Write About Love
June 12, 2013
I always wondered if the title of the album is a pun on “right.” Can you be right about love? Were you right about love, and it being something so heavy that you would have to write about it?
For as long as I can remember, I’ve wanted to write. In grade school, I imagined myself being R.L. Stine with his Goosebumps books. You have to remember, this is long before Google, so searching for what he looked like was out of the question.
In high school, I fell in love with movies, and I imagined becoming that writer/director combination. I learned about the directors all the cool kids liked – Stanley Kubrick. This was also when Tim Burton was “goth” and Kevin Smith was an indie genius.
In college, I dug deeper. Orson Welles became a personal hero. David Lynch was good at messing with your mind. Darren Aronofsky was clever, and low budget. Richard Linklater was…low budget.
After college, the digging continued. As did the hopes of many other filmmakers. Christopher Nolan was worth researching. Wes Anderson released a handful of great movies. Other low budget things caught my eyes, namely Primer.
I also dug into what I was positive was my genre – dystopias. I watched Dark City. I loved Blade Runner. I also got lost in Hollywood – Matrix and Matrixesque spinoffs. Then, something happened.
You see, after college, I was wondering what I was doing with my life. I thought a lot, and usually nothing good or conclusive, but I thought. I found out about philosophers who may or may not have paralleled my concerns. Albert Camus. Sartre. Neitzsche. I got into Deism, and dabbled in Buddhism.
In turn, I found what may have been hidden treasure. I discovered a cheap copy of Orson Welles’ The Trial. I knew the name from Citizen Kane – who hasn’t? At first I didn’t get it. Why is this man being pursued? It is unclear what he did wrong, and in the end he accepts his fate. Is that all there is to life?
After moving out, I caught on to what was going on – or so I interpreted. I had to spend wisely, if at all, while being out on my own. I couldn’t have fun like I once did. If I drank, I couldn’t get trashed because I had an apartment to take care of. In 2009 when I moved out I didn’t realize that. In 2013, three and half years after moving out, I am used to it.
You see, I thought writing was a childhood dream. And I realized, I had to live an adult waking life. It was a nightmare!
The Trial has themes of feeling guilty and age and loss. Being out on your own, with no one to protect you, you have feelings of guilt and loss and age. I should not have bought that wall-sized poster of ants because now I can’t afford rent!
I realized that I wasn’t living in a dystopia, as much as I was living in a social dystopia. Life isn’t hard, it is social pressures that are hard. You have to have money! You have to have friends! You have to not just survive but thrive!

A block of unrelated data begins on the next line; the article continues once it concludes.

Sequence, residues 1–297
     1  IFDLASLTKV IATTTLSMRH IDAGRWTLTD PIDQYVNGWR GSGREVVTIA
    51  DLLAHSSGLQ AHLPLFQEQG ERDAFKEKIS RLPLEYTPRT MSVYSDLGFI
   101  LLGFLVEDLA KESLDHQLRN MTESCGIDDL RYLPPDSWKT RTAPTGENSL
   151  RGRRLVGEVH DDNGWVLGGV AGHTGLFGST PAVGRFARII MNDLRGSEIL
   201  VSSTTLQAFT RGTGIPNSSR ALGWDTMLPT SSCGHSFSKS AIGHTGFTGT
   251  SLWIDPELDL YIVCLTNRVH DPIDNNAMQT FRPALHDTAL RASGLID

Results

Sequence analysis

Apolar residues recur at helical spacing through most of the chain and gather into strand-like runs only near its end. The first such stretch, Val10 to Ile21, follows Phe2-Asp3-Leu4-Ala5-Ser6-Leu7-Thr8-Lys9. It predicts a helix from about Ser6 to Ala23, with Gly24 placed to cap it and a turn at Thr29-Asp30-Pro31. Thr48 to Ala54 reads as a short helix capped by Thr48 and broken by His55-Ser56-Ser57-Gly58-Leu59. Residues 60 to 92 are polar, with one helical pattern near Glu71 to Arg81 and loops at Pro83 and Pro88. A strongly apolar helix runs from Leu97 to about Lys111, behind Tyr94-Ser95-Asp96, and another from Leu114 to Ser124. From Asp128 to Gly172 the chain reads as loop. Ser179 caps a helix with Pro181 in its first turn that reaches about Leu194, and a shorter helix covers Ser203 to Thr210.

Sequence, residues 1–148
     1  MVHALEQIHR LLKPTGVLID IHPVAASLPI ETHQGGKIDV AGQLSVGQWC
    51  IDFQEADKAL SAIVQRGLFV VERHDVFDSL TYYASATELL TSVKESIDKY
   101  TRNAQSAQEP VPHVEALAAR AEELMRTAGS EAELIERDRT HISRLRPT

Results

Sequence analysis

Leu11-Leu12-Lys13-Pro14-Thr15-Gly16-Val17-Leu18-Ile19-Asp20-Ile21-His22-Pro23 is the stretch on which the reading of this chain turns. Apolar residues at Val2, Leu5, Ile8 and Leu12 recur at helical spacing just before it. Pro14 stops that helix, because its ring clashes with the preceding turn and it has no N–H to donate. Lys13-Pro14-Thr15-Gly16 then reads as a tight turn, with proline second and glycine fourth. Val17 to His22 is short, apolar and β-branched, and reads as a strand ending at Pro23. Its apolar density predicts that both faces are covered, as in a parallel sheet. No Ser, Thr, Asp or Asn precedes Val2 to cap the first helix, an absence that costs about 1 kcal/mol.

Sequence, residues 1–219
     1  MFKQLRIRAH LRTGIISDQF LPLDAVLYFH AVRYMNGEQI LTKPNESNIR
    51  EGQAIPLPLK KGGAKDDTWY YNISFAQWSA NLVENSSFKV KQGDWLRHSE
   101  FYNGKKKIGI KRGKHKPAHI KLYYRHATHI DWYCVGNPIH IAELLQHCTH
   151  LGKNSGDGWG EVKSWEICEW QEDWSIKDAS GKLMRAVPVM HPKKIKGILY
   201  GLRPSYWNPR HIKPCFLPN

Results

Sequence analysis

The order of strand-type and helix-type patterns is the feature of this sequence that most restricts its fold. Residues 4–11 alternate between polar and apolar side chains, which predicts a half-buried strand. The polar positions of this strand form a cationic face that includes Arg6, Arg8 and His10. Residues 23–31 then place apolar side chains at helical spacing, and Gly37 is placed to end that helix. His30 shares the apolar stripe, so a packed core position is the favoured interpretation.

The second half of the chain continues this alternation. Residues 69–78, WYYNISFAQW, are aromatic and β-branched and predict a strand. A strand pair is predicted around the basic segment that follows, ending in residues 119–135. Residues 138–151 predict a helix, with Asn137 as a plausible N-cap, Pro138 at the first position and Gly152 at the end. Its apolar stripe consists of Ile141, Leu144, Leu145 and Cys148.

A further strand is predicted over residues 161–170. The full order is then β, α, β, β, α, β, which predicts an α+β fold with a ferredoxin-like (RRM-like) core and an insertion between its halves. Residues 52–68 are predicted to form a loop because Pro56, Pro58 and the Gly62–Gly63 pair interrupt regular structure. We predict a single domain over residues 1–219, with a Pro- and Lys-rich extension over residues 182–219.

You see, for the longest time, I thought that was my genre. I was positive I was put here, just to show people how backwards the society we live in is. And so I read 1984. And I read Brave New World. And I watched Synecdoche NY and Brazil – more examples of society preventing you from doing what you want. But if you learn to content where you are, you won’t have these troubles (of course, we’re back the Buddhism thing – I want to do nothing but meditate and enlighten. But to enlighten I have to get up and show people peace! And if I don’t show them peace then what good is meditating?).
And then I grow up. And I love. And I lose. And I read Warm Bodies. And I love, or so I think. And I lose. And I hurt. And I dwell. And I reflect. And I watch Warm Bodies. And I realize that love can bring new life to things.
But I think about that forced genre. The idea of something creepy falling in love. Hey, I know my flaws. I’m part of the internet age, I stalk – I’m creepy!
And I realize, it isn’t a social dystopia. It’s human interaction. It’s love. Write about love.
And that’s why I’m extra happy I’m getting into Star Trek – now do those videos make sense? Man can travel the stars, and all that will persist is human drama. The apocalypse can occur and what will remain? Human drama.
And I realize, being that creep and being in love is the perfect analogy to being human. And I write while I take a break from the internet during Lent. And I write about a werewolf who matures and stays human. An adult human.
And I realize, as much as I’ve been hurt, I’m still turning into into a creative outlet. And I realize, there are creatures in our subconscious and ancient myths who can add to things we feel in day to day life.
And while yes, I am writing on a blog, and wow is this a long entry, I don’t feel this is me. I did not take journalism in college. I took art. I studied media communications, and focused on video production.
We all want to be that director and win an Oscar. But for as long as I can remember, I’ve wanted to write. I can write here. Or I can explain lessons I’ve learned without the aide of movies or music, and I just write.